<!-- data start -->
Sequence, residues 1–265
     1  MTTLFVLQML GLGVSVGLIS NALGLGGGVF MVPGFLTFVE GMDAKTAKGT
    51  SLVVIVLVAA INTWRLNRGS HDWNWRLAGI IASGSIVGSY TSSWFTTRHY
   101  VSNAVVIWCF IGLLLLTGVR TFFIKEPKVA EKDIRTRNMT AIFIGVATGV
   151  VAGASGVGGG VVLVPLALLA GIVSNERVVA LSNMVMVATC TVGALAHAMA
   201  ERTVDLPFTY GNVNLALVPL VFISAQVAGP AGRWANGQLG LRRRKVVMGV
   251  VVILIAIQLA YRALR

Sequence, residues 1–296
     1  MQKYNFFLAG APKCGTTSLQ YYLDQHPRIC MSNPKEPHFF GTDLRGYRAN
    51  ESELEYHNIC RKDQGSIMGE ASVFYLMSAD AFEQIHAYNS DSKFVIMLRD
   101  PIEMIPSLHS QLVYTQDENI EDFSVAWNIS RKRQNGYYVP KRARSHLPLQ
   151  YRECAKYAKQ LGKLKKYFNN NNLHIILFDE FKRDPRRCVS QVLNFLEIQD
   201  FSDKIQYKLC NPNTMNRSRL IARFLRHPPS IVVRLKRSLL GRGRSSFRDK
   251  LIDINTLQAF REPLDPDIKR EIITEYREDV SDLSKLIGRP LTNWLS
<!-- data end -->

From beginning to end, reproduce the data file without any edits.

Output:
Sequence, residues 1–265
     1  MTTLFVLQML GLGVSVGLIS NALGLGGGVF MVPGFLTFVE GMDAKTAKGT
    51  SLVVIVLVAA INTWRLNRGS HDWNWRLAGI IASGSIVGSY TSSWFTTRHY
   101  VSNAVVIWCF IGLLLLTGVR TFFIKEPKVA EKDIRTRNMT AIFIGVATGV
   151  VAGASGVGGG VVLVPLALLA GIVSNERVVA LSNMVMVATC TVGALAHAMA
   201  ERTVDLPFTY GNVNLALVPL VFISAQVAGP AGRWANGQLG LRRRKVVMGV
   251  VVILIAIQLA YRALR

Sequence, residues 1–296
     1  MQKYNFFLAG APKCGTTSLQ YYLDQHPRIC MSNPKEPHFF GTDLRGYRAN
    51  ESELEYHNIC RKDQGSIMGE ASVFYLMSAD AFEQIHAYNS DSKFVIMLRD
   101  PIEMIPSLHS QLVYTQDENI EDFSVAWNIS RKRQNGYYVP KRARSHLPLQ
   151  YRECAKYAKQ LGKLKKYFNN NNLHIILFDE FKRDPRRCVS QVLNFLEIQD
   201  FSDKIQYKLC NPNTMNRSRL IARFLRHPPS IVVRLKRSLL GRGRSSFRDK
   251  LIDINTLQAF REPLDPDIKR EIITEYREDV SDLSKLIGRP LTNWLS